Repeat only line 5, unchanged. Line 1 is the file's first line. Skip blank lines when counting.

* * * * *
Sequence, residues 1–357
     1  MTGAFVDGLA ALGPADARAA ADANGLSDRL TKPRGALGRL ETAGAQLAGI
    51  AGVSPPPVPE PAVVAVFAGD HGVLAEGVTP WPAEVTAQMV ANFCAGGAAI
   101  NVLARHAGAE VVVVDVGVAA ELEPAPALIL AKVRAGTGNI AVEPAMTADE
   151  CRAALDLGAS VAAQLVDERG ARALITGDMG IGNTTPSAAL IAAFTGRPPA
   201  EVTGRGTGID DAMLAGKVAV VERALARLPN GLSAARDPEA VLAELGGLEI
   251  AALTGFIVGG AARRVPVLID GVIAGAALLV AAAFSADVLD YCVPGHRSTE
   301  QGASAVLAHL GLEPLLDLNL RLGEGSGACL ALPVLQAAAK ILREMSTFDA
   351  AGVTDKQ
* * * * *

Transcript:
   151  CRAALDLGAS VAAQLVDERG ARALITGDMG IGNTTPSAAL IAAFTGRPPA